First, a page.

Flu blamed for 2 deaths on Man. First Nation
A strain of flu has killed one man and one woman on the Garden Hill First Nation in Manitoba.
The H3N2 strain is spreading through the remote fly-in community, located on Island Lake about 610 kilometres northeast of Winnipeg.
One person died last week, and a second death was confirmed Thursday, said David Harper, a former chief of Garden Hill and current head of Manitoba Keewatinowi Okimakanak, the regional chiefs organization for First Nations in northern Manitoba.
"People are coughing up blood," said Harper. "Is that a common flu? Absolutely not."
He called on the federal and provincial governments to step in and help the community.
Garden Hill was one of the First Nations communities that struggled with an outbreak of swine flu, or H1N1 influenza A virus, in spring 2009.
Three people on the reserve died of H1N1, and another death is suspected to have been connected to the virus. Another 50 cases of the virus were confirmed in the Island Lake region.
Harper said he believes last year's and this year's flu deaths could have been prevented if the community had more medical staff.
There is only one doctor on the reserve to help thousands of people, he said.
"One doctor for 4,000 people is totally unacceptable," Harper said.
Currently, the community has an "illness system" rather than a "health system," he said.
He said the province should be working with federal health authorities to assist the Garden Hill First Nation, but politicians don't seem to be taking the matter seriously.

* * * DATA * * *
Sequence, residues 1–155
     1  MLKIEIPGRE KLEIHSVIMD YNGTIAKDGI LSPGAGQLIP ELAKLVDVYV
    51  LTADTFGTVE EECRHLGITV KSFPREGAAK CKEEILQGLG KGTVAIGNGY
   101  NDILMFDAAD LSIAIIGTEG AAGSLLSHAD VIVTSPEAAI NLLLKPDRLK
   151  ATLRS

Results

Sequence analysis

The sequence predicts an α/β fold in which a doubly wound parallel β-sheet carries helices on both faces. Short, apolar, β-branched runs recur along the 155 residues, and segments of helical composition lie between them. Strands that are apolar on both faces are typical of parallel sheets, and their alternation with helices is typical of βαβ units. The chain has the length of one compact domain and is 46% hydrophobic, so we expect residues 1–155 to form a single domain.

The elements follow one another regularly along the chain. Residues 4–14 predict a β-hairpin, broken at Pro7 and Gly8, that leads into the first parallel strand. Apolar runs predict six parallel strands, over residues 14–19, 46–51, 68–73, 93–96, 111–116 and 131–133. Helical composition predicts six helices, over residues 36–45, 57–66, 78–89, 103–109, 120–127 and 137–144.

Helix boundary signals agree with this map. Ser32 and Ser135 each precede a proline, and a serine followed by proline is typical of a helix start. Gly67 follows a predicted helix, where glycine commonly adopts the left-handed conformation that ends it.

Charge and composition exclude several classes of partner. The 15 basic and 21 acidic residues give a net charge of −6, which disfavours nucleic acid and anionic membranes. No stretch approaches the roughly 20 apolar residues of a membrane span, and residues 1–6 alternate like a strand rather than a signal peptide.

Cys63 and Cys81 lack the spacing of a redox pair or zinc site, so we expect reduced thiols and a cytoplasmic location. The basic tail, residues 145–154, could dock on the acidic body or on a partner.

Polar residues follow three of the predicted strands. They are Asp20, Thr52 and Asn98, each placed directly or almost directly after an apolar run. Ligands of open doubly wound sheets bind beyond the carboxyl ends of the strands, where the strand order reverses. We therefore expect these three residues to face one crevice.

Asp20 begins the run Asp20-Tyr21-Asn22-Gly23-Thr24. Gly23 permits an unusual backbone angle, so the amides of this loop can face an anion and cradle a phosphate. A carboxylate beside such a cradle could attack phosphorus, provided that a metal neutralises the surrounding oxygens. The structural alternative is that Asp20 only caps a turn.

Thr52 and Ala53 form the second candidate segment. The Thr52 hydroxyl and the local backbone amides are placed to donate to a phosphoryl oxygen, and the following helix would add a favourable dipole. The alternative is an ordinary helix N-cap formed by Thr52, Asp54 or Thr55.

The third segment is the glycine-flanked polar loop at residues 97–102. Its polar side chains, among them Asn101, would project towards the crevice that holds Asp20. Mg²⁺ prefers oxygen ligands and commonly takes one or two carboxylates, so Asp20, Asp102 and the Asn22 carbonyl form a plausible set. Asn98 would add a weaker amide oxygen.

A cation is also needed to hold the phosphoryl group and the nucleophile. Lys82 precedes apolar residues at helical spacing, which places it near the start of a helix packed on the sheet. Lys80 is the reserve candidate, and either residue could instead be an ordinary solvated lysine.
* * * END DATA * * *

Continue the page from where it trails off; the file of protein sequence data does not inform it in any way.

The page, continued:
"We are alarmed at the information we received from the public health officials that this is no emergency," Harper said. "How many more deaths do we need before we call this an emergency?
"When we make comparisons with H1N1, we had three confirmed deaths with H1N1 and one suspected, and here we are today, we have two deaths on a common flu."
Health Canada officials refused to discuss the situation and instead provided an email response from spokesperson Christelle Legault.
She said the agency had provided additional nursing resources to the First Nations in the affected area and that "those residents who are ill will have access to the care they need."
- In a previous version of this story, David Harper was erroneously described as chief of the Garden Hill First Nation. In fact, Harper is a former chief of the First Nation and current grand chief of Manitoba Keewatinowi Okimakanak. Dino Flett is the chief of the Garden Hill First Nation.Dec 03, 1970 2:25 AM CT
With files from The Canadian Press